Gender equity —

Gender equity is the process of being fair and inclusive to all people, regardless of their gender.

It recognises the barriers that prevent people from participating fully and equally in life and employs strategies to overcome these. Gender equality is the outcome of gender equity, where all people enjoy equal opportunities, worth, resources and wellbeing, regardless of their gender.

To achieve gender equality, structural and systemic barriers to equality must be removed, and social norms, behaviours and practices that perpetuate inequality and gender stereotypes must be addressed.

Women earn less than men.

Australia’s national gender pay gap is 20.8 percent. Women who graduate from university earn less than men as a starting salary – a pay gap that grows when graduating from a post-graduate degree. Contributing factors to the gender pay gap include hiring and pay discrimination, limited workplace flexibility and women’s disproportionate share of unpaid caring – work that is estimated to be worth $650.1 billion.

Women are also more likely to be underemployed than men – meaning they are in the workforce but want additional work and income.

Underemployment is linked to poorer mental and physical health, as well as little job and long-term financial security. It is a contributing factor to women, on average, having much less superannuation than men, which is related, in turn, to increasing rates of homelessness among older women.

Migrant and refugee women face additional systemic barriers to accessing employment and education, contributing to their overrepresentation in insecure and low-paid work.

Attitudes and norms that reinforce gender inequality are harmful to women and children.

Violence against women and girls is driven by gender inequality, men’s control of decision-making and limits to women’s independence.

One in three Australians think it is natural for a man to want to appear in control of his partner in front of his male friends, and nearly a quarter see no harm in telling sexist jokes. Both attitudes perpetuate gender inequality and reinforce harmful gender norms that drive violence against women.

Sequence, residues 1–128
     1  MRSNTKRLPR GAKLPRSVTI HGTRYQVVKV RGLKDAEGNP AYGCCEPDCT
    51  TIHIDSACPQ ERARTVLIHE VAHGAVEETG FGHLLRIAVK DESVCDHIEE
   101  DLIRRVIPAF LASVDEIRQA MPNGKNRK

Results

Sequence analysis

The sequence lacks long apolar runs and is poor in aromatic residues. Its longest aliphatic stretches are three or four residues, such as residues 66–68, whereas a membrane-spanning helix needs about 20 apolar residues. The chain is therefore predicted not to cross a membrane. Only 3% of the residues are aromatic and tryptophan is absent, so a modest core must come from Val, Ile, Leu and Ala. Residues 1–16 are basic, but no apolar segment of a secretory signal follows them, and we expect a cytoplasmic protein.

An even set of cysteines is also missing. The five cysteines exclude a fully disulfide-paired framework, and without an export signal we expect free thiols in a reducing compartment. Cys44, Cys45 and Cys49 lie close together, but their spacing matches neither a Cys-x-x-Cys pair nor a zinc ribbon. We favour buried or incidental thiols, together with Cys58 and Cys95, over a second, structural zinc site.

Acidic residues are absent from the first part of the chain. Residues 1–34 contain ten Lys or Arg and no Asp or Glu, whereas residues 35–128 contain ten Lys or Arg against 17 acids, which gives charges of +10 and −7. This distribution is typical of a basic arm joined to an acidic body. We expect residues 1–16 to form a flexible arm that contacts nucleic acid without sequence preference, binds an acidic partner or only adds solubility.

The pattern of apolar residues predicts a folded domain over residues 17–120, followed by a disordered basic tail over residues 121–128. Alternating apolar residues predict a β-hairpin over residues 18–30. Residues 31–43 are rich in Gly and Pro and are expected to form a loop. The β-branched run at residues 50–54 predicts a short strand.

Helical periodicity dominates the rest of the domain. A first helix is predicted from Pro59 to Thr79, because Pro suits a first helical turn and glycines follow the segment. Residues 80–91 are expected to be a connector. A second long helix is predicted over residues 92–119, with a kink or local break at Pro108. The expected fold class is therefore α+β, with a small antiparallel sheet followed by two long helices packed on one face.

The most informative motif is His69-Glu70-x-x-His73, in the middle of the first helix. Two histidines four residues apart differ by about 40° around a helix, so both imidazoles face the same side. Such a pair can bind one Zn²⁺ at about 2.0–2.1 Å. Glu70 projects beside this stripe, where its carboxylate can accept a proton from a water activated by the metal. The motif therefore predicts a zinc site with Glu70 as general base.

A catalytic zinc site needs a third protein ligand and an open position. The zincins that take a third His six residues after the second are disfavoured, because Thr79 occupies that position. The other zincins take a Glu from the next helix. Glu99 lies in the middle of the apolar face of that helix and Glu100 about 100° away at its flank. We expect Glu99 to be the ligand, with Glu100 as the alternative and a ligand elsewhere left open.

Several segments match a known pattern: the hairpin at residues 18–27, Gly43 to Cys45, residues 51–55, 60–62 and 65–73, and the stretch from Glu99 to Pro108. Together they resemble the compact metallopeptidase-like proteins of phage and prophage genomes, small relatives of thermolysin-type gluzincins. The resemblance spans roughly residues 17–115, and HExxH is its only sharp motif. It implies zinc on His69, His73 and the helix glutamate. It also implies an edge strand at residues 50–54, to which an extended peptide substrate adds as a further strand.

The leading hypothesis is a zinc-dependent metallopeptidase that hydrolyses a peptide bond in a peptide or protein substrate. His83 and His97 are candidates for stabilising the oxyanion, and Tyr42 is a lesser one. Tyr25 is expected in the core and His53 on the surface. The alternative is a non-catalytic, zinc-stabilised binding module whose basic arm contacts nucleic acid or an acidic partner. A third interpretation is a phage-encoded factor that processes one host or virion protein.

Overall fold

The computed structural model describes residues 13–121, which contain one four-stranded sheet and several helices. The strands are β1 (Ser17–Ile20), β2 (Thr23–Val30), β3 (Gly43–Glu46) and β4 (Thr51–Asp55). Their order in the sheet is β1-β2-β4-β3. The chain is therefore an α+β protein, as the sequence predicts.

Overall, in Victoria, there is low support for gender equality in relationships (41.5 percent of men compared to 31.6 percent of women) which perpetuates gender inequality and violence against women.

Women are more likely to be lone parents than men.

Single mothers are one of the most economically disadvantaged groups in Australia – the gender pay gap, women’s overrepresentation in casual and part-time work and time out of the workforce due to childbearing are all contributing factors.

In contrast, men experience greater barriers to becoming a lone parent due to social norms and gender stereotypes within the workplace. Men who seek workplace flexibility for caring responsibilities may experience discrimination by employers who view them as less committed, give them fewer rewards and lower performance ratings than men who don’t seek this flexibility.

However, research shows that when men can work flexibly, they can increase their engagement in caregiving and the household.Increased job control and access to flexible work challenge the gender norms that promote gender inequality.

Research also shows that when men have greater control over their working lives, they are healthier and happier.

Women are underrepresented in leadership.

In 2018-19, only 17.1 percent of CEOs in Australia were women.This is because women face greater barriers in obtaining positions of leadership, including the prevailing idea that a good business leader reflects stereotypical masculine traits.

Research shows that mothers returning to work face harmful stereotypes around the perceived incompatibility of being an effective caregiver and committed worker, while some women encounter the view that women should stay at home to look after their children.

Gender inequality has many short- and long-term impacts on the health of men, women and gender-diverse people.

Find our gender equity resources here.